Bookworm1951 More than 1 year ago
A good solid Agatha Christie mystery. Great character and plot development. Keeps you on your toes. An enjoyable book that I didn't want to put down. As with all of the Hercule Poirot books, there are plenty of French phrases so keep you French to English translater handy. I would have given it 5 stars except that there were some editing issues in the nook edition. Not merely a typo or two but in a few places, the word or words intended by the author were gibberish. It was as if the typist had placed their hands incorrectly on the keyboard.
davidabrams on LibraryThing More than 1 year ago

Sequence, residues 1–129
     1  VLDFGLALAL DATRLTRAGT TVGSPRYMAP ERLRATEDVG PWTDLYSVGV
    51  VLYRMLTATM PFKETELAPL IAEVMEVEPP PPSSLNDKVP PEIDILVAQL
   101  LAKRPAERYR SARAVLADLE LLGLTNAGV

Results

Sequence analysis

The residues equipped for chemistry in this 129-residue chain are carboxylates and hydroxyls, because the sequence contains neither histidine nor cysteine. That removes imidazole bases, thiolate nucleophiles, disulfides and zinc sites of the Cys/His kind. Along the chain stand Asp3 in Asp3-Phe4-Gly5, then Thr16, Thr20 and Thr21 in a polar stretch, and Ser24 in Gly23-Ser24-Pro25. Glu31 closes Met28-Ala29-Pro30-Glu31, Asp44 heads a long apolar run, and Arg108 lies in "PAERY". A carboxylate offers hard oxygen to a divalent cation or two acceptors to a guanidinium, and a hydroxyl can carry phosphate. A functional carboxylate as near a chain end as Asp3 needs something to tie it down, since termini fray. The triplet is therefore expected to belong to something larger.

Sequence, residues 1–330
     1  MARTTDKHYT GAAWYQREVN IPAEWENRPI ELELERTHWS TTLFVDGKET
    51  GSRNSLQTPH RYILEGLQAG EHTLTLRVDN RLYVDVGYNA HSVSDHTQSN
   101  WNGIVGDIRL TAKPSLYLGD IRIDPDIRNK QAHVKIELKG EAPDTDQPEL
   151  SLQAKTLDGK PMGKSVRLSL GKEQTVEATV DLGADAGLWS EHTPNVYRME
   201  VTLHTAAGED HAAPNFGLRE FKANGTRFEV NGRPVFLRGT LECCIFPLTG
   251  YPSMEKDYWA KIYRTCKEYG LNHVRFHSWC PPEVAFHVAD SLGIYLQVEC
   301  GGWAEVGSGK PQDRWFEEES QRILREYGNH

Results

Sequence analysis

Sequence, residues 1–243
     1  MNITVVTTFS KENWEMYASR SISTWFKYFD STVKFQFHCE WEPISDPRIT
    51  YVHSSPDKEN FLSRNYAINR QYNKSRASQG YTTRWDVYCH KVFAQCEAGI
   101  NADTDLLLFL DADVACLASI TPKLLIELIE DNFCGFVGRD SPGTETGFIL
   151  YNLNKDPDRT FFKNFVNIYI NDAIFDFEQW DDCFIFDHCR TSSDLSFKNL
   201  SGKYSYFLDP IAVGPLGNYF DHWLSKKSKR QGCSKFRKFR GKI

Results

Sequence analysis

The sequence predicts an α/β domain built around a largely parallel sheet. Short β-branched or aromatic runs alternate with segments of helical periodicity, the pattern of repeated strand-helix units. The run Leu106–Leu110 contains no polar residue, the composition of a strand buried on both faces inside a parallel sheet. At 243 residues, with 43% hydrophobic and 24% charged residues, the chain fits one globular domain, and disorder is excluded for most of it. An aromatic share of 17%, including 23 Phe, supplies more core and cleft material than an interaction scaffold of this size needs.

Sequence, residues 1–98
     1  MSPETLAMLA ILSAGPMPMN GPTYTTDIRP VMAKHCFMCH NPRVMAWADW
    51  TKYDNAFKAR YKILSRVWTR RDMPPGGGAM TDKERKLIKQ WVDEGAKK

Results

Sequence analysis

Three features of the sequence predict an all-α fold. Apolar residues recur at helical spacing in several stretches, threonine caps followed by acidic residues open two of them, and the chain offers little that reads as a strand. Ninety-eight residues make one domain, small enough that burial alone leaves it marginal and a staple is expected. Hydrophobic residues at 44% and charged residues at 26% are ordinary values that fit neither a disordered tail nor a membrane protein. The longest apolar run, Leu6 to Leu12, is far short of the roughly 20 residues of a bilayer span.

As I began reading Agatha Christie's The Mystery of the Blue Train, I thought this was going to be an indigo-tinted version of Murder on the Orient Express. The two novels bear some similarities: the confinement of a train chugging across Europe, a rich American murdered in her sleeping compartment, a cast of suspects with equal portions of motive and alibi, contradictory statements from witnesses, and a funny little Belgian detective with a luxurious moustache who's there to ferret out the truth. But it's not long before The Mystery of the Blue Train goes off on a different track than Murder on the Orient Express. While Blue Train is not quite as cleverly-plotted as "Orient Express, it's still a fun ride on par with Agatha's other "cozy mysteries." Published in 1928 (six years before Murder on the Orient Express), The Mystery of the Blue Train centers around Ruth Van Aldin, the daughter of an American millionaire, who is found strangled in her sleeping compartment on the train. This comes shortly after she's been given a priceless ruby as a gift from her father. Of course, the jewel is nowhere to be found on the train. As always, it's up to Hercule Poirot¿-traveling on the same train¿-to get to the bottom of the case. He's hired by Rufus Van Aldin who wants the scoundrel responsible for his daughter's murder caught and convicted of the crime. The list of suspects facing Poirot is daunting. There's Derek Kettering, Ruth's estranged husband of ten years who was just about to be served with divorce papers, thus ending his claim to the Van Aldin fortune. There's exotic dancer Mirelle, Derek's mistress, who would like nothing better than to see her lover's wife six feet under ground. There's Katherine Grey, a fellow passenger on the Blue Train who happened to strike up a conversation with Ruth shortly before her death and was quickly taken into the doomed woman's confidence. There's Major Knighton, Rufus Van Aldin's secretary who knows more about the ruby than he should. There's Ruth's maid, Ada Mason, who abruptly leaves the train before it reaches its destination. And the list goes on and on in true Christie fashion. She was the Queen of Bafflement, throwing so many would-be murderers at us that we're constantly shifting our suspicion as the novel goes along. Agatha's powers of description have never been keener than they are here in The Mystery of the Blue Train. Whether it's painting a succinct word-picture of a character¿-"a little man with a face like a rat"-¿or of the rubies themselves-¿"the stones glowed like blood"¿-her prose is unmistakably memorable. In this novel which comes early in Poirot's literary career, he seems more sprightly, more energetic and comedically pompous. Agatha rarely misses an opportunity to expound on the detective's methodology. Here's a sampling of comments from Poirot, I found scattered throughout the novel: "What is important? What is not? One cannot say at this stage. But we must note each little fact carefully." "This is great," said Van Aldin. "Great! You are the goods, M. Poirot. Once and for all, you are the goods." "It is nothing," said Poirot modestly. "Order, method, being prepared for eventualities beforehand¿-that is all there is to it." "Unless you are good at guessing, it is not much use being a detective." "But I am a good detective. I suspect. There is nobody and nothing that I do not suspect. I believe nothing that I am told." The Poirot of this novel is one with a comically inflated ego. There is not nearly enough room for his personality on the page¿-he explodes past the boundaries of the book with his sense of self-importance. Tiresome? Perhaps. But also very funny. Witness this exchange when he shows up to interview a pair of unsuspecting servants: "Voila," said the stranger, and sank into a wooden arm-chair. "I am Hercule Poirot." "Yes, Monsieur?" "You do not know the name?" "I have never heard it," said Hippolyte. "Permit me to say that you have been badly educated. It is t